HISTORY OF NORTH-WEST MORRIS
North-West Morris dancing appears to have been started by textile mill workers in the 19th century. It is not hard to imagine that the figures in many of the dances were inspired by the actions of the mill looms – repetitive backward and forward and interweaving patterns of the shuttles, and the reels of cotton spinning round and round. During and after the First World War, the old men, young boys and women kept the dance tradition alive.
The mills had individual “teams”, which performed during Wakes (holiday) weeks or at Rose Queen carnivals and local fairs.
The dances were processional, with one line of dancers on either side of the street. They were often accompanied by the town brass band. Today’s dances have been adapted so that they can be seen ‘on the spot’, without processing down a street (although we can still do that). The brass band has been replaced by musicians playing an assortment of accordions, melodeons, tin whistles, drums, violins and whatever else seems to fit in!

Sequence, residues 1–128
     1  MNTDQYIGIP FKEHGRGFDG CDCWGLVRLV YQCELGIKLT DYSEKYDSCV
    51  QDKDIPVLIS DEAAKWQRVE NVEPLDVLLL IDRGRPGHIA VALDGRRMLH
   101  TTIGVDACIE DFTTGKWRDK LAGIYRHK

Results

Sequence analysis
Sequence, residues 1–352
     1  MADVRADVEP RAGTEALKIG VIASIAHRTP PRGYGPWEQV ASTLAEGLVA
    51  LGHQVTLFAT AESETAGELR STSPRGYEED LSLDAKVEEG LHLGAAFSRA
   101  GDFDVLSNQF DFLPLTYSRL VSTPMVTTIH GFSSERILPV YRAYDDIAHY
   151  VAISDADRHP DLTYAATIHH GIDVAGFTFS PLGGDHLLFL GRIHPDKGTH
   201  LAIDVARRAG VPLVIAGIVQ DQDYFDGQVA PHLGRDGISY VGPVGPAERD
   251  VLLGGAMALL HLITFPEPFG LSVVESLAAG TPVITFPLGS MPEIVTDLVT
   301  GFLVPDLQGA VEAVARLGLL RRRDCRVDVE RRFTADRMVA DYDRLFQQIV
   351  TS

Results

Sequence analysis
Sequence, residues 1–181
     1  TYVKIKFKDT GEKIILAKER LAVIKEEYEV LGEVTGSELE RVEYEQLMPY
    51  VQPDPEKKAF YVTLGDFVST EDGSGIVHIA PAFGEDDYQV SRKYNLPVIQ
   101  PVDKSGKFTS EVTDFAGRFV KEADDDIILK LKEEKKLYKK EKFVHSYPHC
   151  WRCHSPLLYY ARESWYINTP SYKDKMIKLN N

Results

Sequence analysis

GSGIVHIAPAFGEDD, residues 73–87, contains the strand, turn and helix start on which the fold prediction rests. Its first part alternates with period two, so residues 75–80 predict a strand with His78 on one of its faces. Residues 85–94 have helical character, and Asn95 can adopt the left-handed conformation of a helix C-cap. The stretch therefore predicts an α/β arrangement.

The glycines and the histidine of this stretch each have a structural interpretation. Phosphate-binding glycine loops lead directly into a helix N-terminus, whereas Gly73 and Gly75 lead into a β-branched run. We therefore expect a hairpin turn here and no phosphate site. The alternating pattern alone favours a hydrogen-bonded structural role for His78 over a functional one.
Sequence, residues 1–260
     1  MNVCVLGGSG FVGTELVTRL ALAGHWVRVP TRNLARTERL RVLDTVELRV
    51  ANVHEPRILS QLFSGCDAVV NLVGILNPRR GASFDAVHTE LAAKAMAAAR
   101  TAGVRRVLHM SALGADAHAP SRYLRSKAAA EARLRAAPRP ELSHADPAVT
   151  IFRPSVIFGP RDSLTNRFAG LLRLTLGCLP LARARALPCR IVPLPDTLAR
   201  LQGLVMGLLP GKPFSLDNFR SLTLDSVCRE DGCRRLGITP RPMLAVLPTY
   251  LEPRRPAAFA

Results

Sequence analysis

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The Fair Maids of Perth formed in 1978 when the wives and girlfriends of the males-only Perth Morris Men (who dance Cotswold Morris), decided to start their own all-female 'side'. We are now open to dancers and musicians of any gender.